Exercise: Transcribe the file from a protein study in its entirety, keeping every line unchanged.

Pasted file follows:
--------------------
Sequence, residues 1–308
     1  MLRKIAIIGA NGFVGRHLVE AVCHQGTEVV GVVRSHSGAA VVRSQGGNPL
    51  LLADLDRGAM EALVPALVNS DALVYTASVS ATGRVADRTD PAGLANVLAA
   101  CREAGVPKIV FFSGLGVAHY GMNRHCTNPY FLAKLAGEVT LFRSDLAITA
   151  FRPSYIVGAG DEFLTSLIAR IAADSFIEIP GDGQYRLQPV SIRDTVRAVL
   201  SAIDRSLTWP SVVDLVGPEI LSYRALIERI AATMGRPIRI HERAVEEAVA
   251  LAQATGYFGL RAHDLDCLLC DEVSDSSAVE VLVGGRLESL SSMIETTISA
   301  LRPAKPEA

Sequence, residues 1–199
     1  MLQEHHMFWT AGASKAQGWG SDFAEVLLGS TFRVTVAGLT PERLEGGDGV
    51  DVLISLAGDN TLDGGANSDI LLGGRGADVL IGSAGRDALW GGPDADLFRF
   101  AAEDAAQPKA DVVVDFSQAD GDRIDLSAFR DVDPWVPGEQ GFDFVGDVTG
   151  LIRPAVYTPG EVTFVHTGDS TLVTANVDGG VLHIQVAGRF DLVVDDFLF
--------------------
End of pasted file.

Sequence, residues 1–308
     1  MLRKIAIIGA NGFVGRHLVE AVCHQGTEVV GVVRSHSGAA VVRSQGGNPL
    51  LLADLDRGAM EALVPALVNS DALVYTASVS ATGRVADRTD PAGLANVLAA
   101  CREAGVPKIV FFSGLGVAHY GMNRHCTNPY FLAKLAGEVT LFRSDLAITA
   151  FRPSYIVGAG DEFLTSLIAR IAADSFIEIP GDGQYRLQPV SIRDTVRAVL
   201  SAIDRSLTWP SVVDLVGPEI LSYRALIERI AATMGRPIRI HERAVEEAVA
   251  LAQATGYFGL RAHDLDCLLC DEVSDSSAVE VLVGGRLESL SSMIETTISA
   301  LRPAKPEA

Sequence, residues 1–199
     1  MLQEHHMFWT AGASKAQGWG SDFAEVLLGS TFRVTVAGLT PERLEGGDGV
    51  DVLISLAGDN TLDGGANSDI LLGGRGADVL IGSAGRDALW GGPDADLFRF
   101  AAEDAAQPKA DVVVDFSQAD GDRIDLSAFR DVDPWVPGEQ GFDFVGDVTG
   151  LIRPAVYTPG EVTFVHTGDS TLVTANVDGG VLHIQVAGRF DLVVDDFLF